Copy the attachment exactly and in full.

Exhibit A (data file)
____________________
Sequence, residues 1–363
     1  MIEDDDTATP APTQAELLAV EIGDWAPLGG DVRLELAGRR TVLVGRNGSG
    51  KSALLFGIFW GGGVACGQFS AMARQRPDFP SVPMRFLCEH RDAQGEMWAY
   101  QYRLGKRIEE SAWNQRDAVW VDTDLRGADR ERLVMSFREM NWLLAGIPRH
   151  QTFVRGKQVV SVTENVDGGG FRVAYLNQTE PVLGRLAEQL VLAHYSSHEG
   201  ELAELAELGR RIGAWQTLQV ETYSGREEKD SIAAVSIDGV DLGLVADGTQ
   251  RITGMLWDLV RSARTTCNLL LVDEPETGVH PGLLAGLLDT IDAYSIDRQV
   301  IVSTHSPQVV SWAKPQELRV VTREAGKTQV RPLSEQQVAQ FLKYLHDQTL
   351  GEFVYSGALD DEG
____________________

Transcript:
Sequence, residues 1–363
     1  MIEDDDTATP APTQAELLAV EIGDWAPLGG DVRLELAGRR TVLVGRNGSG
    51  KSALLFGIFW GGGVACGQFS AMARQRPDFP SVPMRFLCEH RDAQGEMWAY
   101  QYRLGKRIEE SAWNQRDAVW VDTDLRGADR ERLVMSFREM NWLLAGIPRH
   151  QTFVRGKQVV SVTENVDGGG FRVAYLNQTE PVLGRLAEQL VLAHYSSHEG
   201  ELAELAELGR RIGAWQTLQV ETYSGREEKD SIAAVSIDGV DLGLVADGTQ
   251  RITGMLWDLV RSARTTCNLL LVDEPETGVH PGLLAGLLDT IDAYSIDRQV
   301  IVSTHSPQVV SWAKPQELRV VTREAGKTQV RPLSEQQVAQ FLKYLHDQTL
   351  GEFVYSGALD DEG